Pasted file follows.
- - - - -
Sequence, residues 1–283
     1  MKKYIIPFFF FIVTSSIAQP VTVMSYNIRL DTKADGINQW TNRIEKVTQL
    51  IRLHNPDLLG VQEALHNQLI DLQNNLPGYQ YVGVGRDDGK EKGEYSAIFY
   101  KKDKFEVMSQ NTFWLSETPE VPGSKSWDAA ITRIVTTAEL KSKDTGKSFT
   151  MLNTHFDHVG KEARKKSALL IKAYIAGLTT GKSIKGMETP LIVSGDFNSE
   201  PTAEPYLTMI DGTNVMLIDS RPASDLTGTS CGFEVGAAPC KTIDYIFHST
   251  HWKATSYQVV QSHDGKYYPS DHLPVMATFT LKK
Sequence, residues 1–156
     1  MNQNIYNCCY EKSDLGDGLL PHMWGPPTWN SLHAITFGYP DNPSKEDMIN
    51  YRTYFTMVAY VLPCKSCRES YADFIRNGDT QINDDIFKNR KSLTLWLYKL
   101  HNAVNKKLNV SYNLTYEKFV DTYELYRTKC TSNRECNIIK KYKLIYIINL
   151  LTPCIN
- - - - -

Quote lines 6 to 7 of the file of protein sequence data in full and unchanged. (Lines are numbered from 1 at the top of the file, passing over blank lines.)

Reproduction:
   201  PTAEPYLTMI DGTNVMLIDS RPASDLTGTS CGFEVGAAPC KTIDYIFHST
   251  HWKATSYQVV QSHDGKYYPS DHLPVMATFT LKK